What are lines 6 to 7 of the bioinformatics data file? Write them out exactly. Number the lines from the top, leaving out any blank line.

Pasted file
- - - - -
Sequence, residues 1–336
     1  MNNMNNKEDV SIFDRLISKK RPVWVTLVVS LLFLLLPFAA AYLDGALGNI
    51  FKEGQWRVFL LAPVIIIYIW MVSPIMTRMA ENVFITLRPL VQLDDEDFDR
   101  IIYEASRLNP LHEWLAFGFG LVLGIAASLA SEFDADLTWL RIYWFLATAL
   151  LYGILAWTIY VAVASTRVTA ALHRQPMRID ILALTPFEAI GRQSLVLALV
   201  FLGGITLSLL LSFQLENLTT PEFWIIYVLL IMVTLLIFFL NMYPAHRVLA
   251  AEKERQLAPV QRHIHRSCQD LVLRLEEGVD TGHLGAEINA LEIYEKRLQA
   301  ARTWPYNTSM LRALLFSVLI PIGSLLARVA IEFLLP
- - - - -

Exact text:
   201  FLGGITLSLL LSFQLENLTT PEFWIIYVLL IMVTLLIFFL NMYPAHRVLA
   251  AEKERQLAPV QRHIHRSCQD LVLRLEEGVD TGHLGAEINA LEIYEKRLQA